"Star City Casino in Sydney was given exclusivety for 12 years when it opened in 1995. That exclusivety runs out in six months time."

Ho's political donations have sparked casino rumors

Friday, February 16, 2007

Vietnam - Big Goals for 2007

The Ministry of Trade in Vietnam has big goals for 2007. They expect export growth to rise by a minimum of 17.4 percent this year and are actually aiming for growth in excess of 20 percent. Strong exports are good for GDP and the government has set a 2007 GDP growth rate of 8.5 percent.

In an interview with VietNamNet Bridge Minster of Trade Truong Dinh Tuyen explains where he expects to see export growth to come from:

In a nutshell:

He expects exports of the following products to rise -

1) Industrial and mechanical products like small engines and boats
2) Apparel Exports
3) Seafood and Farm Produces

And exports of these products to fall -

1) Crude Oil
2) Coals
3) Rice

But be careful of capital controls!

There have been reports today that Vietnam may want to impose capital controls to tame the roaring stock market and the hot speculative capital that is rushing into the country. The stock market rallied 144 percent in 2006 and is up 46 percent this year. The government's fear is that local investors will be burned in the market pulls back.

Although total foreign participation in the [Vietnamese] stock market is still about one-third, most of the in-demand and big-cap stocks are approaching or at their respective foreign investor limit" of 30 percent or 49 percent, depending on the sector, Credit Suisse said. In addition, average daily equity trading volume tripled in the past two months, it said.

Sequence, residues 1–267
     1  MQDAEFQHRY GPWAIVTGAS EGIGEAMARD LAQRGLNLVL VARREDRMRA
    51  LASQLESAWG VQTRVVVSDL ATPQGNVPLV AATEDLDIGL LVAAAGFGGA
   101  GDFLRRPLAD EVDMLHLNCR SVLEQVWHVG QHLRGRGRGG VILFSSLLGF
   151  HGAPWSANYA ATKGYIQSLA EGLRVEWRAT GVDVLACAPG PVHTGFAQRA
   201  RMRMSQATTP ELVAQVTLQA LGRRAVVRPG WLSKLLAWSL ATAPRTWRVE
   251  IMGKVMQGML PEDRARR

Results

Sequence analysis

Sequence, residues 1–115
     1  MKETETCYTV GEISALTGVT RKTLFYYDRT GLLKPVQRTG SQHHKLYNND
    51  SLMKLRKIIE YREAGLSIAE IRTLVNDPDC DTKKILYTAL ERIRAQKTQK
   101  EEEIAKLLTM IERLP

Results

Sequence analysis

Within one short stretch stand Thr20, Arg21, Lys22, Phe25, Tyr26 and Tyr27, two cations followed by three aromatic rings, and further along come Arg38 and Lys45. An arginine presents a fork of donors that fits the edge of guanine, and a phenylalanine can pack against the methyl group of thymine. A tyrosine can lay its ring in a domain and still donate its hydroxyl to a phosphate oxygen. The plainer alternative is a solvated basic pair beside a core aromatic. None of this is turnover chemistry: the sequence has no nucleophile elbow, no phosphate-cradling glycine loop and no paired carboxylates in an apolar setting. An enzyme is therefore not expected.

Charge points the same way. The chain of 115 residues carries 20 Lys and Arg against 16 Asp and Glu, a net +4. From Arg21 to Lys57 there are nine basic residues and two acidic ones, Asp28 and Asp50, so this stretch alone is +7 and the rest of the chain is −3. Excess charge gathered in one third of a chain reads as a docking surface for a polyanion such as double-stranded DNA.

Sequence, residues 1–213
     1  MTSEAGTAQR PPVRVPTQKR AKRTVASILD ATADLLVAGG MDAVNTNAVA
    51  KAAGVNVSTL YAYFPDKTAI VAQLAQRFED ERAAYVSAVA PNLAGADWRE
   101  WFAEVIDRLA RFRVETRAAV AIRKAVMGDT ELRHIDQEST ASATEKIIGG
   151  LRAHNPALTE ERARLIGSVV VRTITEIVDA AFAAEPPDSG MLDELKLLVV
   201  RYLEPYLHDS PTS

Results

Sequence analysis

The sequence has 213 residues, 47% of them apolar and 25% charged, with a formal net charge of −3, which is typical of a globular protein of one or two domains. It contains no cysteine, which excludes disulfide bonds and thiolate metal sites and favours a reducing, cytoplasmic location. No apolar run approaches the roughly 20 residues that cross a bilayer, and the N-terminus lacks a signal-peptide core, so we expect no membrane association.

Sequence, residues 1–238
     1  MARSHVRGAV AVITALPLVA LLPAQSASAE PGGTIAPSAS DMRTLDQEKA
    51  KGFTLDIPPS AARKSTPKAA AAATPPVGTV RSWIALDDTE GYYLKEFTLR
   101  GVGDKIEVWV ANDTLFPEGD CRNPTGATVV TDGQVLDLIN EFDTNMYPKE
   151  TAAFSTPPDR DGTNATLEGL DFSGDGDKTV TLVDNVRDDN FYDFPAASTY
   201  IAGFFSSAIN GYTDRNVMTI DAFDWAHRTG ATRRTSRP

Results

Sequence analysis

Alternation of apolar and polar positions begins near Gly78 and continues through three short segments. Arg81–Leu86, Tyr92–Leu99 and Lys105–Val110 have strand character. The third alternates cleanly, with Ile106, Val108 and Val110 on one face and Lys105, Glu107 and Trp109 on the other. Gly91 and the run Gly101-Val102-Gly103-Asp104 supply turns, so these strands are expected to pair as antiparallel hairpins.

If Vietnam opts to follow in the footsteps of Thailand who imposed penalties on foreign investors withdrawing assets within a year this past December, we could see a pullback in Vietnamese stocks. When Thailand announced the capital control, the Bangkok stock index fell 15 percent in one day.

If this happens, I will be looking for cheap investments!

Thursday, February 15, 2007

The DOs and DON'Ts of doing business in Vietnam


DOs and DON'Ts to doing business in Vietnam


• Expect to drink a lot of coffee and tea (some sources say turning down a beverage offer is considered impolite).

• Prepare for working lunches and dinners.

• Expect very difficult traffic on the streets.

• Plan for logistics delays or longer leadtimes when shipping product out of Vietnam.

• Expect air and noise pollution in major cities.

• Bring more business cards and copies of materials than you expect to need. Many businesspeople report meeting more contacts than they expected to in Vietnam.


• Put your Vietnamese colleagues in a position where they may lose face.

• Talk about the Vietnam War (they refer to it as the American war) in business relationships. In fact, avoid politics altogether in conversation.

• Rent a car. Find someone else to drive you, at least for your first visit.

• Expect to find access to raw materials in Vietnam.

Link to full article

Vietnam - Defying Misconceptions

To many, Vietnam may still seem like a third world nation that is leap years behind countries like China and Singapore. However this common misconception is usually from people who have never visited the country. First hand looks at production and manufacturing facilities reveal that Vietnam is more modernized than many of us can imagine:


Whatever you think you know about business in Vietnam, forget it. The economic and business environment in today’s Vietnam surprises most U.S. buyers that visit the country in search of low-cost, high-quality suppliers.

“My personal image—as well as those of most of my associates—prior to visiting Vietnam, was one of manufacturing facilities with dirt floors and sweat-shop type atmospheres,” says James Malch, senior supply chain manager for Pacific Scientific’s Electro-Kinetics division in Carpinteria, Calif., which buys alternator parts from Vietnamese suppliers. “But after visiting several different suppliers in various industries such as stamping, PCB assembly, machining, and wiring and harness assembly, I was very impressed. Once I was inside the building, I could not tell I was in a foreign country."

This only scratches the surface, to read more from other supply chain managers, check out this article: